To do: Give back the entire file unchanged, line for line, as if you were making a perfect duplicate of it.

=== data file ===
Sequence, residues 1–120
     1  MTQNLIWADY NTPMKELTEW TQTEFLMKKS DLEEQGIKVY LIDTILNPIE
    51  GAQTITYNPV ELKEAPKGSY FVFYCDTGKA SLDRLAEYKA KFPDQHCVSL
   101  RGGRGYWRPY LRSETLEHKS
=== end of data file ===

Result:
Sequence, residues 1–120
     1  MTQNLIWADY NTPMKELTEW TQTEFLMKKS DLEEQGIKVY LIDTILNPIE
    51  GAQTITYNPV ELKEAPKGSY FVFYCDTGKA SLDRLAEYKA KFPDQHCVSL
   101  RGGRGYWRPY LRSETLEHKS